Welcome To A Blast From The Past.
These articles are archives published online at BluesWax as The Ezine,
we hope you enjoy reading them.
Originally Published Janury 05, 2001
The Soul Jazz Master of the Hammond
Organ Gets Seriously Blue
Jimmy Smith, the man who revolutionized the use of the Hammond organ in the ’50s and ’60s, and became the main pioneer of Soul Jazz, has released an album that digs down into his Blues roots. Titled Dot Com Blues, Smith gets plenty of assistance on the disc from some stellar names in the Blues field. Etta James, Dr. John, B.B. King, Taj Mahal, and Keb’ Mo’ all contribute, each singing one song apiece.
The core band consists of Smith, Reggie McBride on bass guitar, and the funky Harvey Mason on drums. Russell Malone, John Porter, and Phil Upchurch split and share the guitar duties.
The album starts with a strong medium tempo groove, with Dr. John doing the piano and the smoky singing on his song, “Only In It For The Money.” It’s great to hear Smith adding his organ work to the mix, along with the Texicali Horns (Joe Sublett and Darrell Leonard).
Track two, “8 Counts For Rita,” is a little more typical of what you have come to expect from Smith – a funky instrumental organ workout, with Malone pulling off some jazzy guitar licks.
“Strut” is next, and the title is very appropriate as the band sits down on an infectious groove that makes you want to strut ’round the room, singing along with Taj Mahal. It reminds me somewhat of Taj’s old tune, “Going Up The Country And Paint My Mailbox Blue.” What a nice and easy feel and vibe…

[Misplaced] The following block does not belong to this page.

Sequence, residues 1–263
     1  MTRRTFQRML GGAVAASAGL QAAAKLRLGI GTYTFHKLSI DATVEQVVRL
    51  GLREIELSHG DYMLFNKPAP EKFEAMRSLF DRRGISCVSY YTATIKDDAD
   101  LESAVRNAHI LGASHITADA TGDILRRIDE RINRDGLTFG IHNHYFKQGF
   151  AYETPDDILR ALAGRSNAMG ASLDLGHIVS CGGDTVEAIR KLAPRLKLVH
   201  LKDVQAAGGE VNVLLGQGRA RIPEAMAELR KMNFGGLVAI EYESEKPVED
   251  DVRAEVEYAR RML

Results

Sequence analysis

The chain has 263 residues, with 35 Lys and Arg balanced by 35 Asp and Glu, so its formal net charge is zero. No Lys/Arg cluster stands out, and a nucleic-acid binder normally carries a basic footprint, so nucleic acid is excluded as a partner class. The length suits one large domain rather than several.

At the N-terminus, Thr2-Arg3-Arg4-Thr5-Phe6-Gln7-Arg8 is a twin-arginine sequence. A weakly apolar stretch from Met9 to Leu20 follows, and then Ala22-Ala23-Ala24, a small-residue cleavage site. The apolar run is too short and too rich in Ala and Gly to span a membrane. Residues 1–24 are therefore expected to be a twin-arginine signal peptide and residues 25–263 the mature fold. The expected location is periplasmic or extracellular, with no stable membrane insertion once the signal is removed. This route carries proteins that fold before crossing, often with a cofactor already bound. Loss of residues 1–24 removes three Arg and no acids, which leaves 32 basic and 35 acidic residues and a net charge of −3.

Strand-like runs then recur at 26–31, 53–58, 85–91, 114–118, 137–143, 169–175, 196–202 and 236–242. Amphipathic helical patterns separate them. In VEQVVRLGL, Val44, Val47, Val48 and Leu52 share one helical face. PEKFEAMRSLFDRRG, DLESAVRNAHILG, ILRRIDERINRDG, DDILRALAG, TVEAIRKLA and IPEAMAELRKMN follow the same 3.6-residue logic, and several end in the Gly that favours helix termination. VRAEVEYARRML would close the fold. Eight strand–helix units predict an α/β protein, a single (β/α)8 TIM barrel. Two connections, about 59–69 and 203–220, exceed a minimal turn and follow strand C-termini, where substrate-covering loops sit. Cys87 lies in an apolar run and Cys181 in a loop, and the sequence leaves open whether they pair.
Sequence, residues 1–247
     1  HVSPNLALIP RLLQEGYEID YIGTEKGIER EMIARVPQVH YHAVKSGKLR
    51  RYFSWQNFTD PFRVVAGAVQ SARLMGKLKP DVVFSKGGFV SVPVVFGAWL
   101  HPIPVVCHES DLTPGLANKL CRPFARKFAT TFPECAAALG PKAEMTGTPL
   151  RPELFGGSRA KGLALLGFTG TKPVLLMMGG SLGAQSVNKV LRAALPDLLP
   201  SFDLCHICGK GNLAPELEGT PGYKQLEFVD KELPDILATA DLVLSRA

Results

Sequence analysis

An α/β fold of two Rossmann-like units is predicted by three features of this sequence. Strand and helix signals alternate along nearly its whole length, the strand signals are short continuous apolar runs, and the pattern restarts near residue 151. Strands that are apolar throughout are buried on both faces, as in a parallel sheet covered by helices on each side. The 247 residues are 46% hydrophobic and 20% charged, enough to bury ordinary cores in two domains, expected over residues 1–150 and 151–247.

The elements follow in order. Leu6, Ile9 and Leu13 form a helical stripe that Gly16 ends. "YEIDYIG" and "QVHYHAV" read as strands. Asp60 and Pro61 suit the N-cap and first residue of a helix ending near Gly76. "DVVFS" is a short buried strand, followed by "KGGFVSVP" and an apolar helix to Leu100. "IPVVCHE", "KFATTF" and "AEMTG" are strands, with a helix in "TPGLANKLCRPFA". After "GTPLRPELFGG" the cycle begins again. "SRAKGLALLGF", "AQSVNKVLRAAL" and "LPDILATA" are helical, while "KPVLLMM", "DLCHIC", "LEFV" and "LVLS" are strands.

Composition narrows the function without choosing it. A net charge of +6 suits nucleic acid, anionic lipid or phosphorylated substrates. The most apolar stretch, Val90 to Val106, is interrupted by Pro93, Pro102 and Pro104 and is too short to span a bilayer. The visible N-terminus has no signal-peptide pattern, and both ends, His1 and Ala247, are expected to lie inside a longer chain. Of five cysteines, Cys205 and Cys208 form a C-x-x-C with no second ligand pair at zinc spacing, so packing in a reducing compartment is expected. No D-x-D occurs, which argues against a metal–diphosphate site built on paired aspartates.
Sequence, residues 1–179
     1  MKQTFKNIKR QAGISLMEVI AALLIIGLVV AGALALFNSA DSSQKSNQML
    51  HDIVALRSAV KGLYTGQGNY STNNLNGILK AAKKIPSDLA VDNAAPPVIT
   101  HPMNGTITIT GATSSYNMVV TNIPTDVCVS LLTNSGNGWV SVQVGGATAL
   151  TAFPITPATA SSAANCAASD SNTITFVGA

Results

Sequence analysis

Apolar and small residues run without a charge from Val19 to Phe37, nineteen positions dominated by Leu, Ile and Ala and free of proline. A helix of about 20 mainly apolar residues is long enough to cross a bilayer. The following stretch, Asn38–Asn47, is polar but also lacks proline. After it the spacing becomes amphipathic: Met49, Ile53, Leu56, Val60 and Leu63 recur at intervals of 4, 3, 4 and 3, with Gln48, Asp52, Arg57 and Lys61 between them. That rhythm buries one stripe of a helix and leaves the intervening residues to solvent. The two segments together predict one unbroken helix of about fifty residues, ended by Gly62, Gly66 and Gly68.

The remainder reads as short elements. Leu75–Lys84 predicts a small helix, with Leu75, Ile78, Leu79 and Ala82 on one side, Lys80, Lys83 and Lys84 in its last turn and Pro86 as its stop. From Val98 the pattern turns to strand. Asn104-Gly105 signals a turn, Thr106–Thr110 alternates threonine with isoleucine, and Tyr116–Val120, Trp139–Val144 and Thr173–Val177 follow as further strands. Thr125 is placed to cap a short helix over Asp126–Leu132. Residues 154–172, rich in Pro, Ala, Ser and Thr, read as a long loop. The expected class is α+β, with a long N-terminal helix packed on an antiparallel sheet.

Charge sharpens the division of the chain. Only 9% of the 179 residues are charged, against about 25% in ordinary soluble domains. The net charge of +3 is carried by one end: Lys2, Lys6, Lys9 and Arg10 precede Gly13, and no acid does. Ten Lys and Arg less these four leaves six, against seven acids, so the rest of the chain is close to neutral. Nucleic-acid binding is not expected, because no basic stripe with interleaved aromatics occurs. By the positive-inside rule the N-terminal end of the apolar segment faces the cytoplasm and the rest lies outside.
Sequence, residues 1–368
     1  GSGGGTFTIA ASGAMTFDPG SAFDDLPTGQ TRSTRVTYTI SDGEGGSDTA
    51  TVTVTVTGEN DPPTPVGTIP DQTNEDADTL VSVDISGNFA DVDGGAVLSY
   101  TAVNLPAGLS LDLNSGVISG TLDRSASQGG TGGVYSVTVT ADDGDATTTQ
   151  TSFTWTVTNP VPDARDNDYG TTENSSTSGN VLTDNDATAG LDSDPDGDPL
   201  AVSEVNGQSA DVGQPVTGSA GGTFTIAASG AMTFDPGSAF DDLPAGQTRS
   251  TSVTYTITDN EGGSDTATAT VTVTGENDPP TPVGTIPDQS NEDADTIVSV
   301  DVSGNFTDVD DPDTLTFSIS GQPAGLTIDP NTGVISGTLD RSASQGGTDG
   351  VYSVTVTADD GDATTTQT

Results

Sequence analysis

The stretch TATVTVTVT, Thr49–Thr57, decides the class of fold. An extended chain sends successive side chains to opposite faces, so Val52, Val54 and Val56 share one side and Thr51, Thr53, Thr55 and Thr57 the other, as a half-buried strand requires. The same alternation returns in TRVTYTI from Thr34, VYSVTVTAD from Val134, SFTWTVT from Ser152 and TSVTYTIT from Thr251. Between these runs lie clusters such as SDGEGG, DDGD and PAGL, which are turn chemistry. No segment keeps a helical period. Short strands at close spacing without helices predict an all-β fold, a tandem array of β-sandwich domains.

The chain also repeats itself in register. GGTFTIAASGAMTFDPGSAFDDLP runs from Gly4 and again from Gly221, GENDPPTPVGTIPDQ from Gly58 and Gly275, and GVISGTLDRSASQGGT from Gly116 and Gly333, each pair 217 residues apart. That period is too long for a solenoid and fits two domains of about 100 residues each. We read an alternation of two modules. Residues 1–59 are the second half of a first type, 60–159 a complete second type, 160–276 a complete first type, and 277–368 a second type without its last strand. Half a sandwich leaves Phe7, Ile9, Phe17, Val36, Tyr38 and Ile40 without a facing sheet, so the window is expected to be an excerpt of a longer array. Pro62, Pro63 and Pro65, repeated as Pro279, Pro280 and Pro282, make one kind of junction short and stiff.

Next, Smith does a long, slow, but nice instrumental arrangement of the old classic, “C C Rider.”
Etta James turns up the heat for a fresh twist on Willie Dixon’s “I Just Wanna Make Love To You.” The Texicali Horns return, and the soulful duo of “Sweet Pea” Atkins and Sir Harry Bowen add backing vocals.
The horns and backing vocals are also found on Keb’ Mo’s offering, a slow and steamy “Over & Over.” Keb’ is certainly feeling the deep Blues here, singing about his woman who seems to be always walking out the door, leaving him over and over.
Between Etta’s and Keb’s songs, Smith pays tribute to the great Duke Ellington with an 8:46 version of Duke’s classic “Mood Indigo.” Indigo, of course, is the deepest shade of Blue. This one definitely brings home a mellow and somber mood.
The King of the Blues, Mr. B.B. King, steps up next and gets to reprise his very first hit, “Three O’Clock Blues.” B.B. gives a typically passionate performance. The band on this cut consists of the excellent Chris Stainton on piano, Pino Palladino on bass, Andy Newmark on drums, John Porter on rhythm guitar, and, of course, Jimmy Smith on organ.
The album finishes with three more instrumental tracks. Sandwiched between the title cut and “Tuition Blues”, Dr. John makes his presence felt once again with his funkified collaboration with Smith, called “Mr. Johnson.”
Jimmy Smith shows on this disc, once and for all, that the Hammond organ can be one of the most expressive instruments for the Blues. He can send chill bumps running along your arms and down your back. Even though Smith is better known as a Jazz artist, he has always had the Blues all up in his playing. Dot Com Blues is the most convincing testimony to the fact that Soul, Jazz, and Blues make beautiful partners in the capable hands of Jimmy Smith and friends.
CONGRATULATIONS!!! ” DeafJelloStoner ” you are this week’s winner of a Leon Russell CD. Go to the Backstage to collect your prize. Remember to play the quiz each week for your chance to win great prizes
About the Author: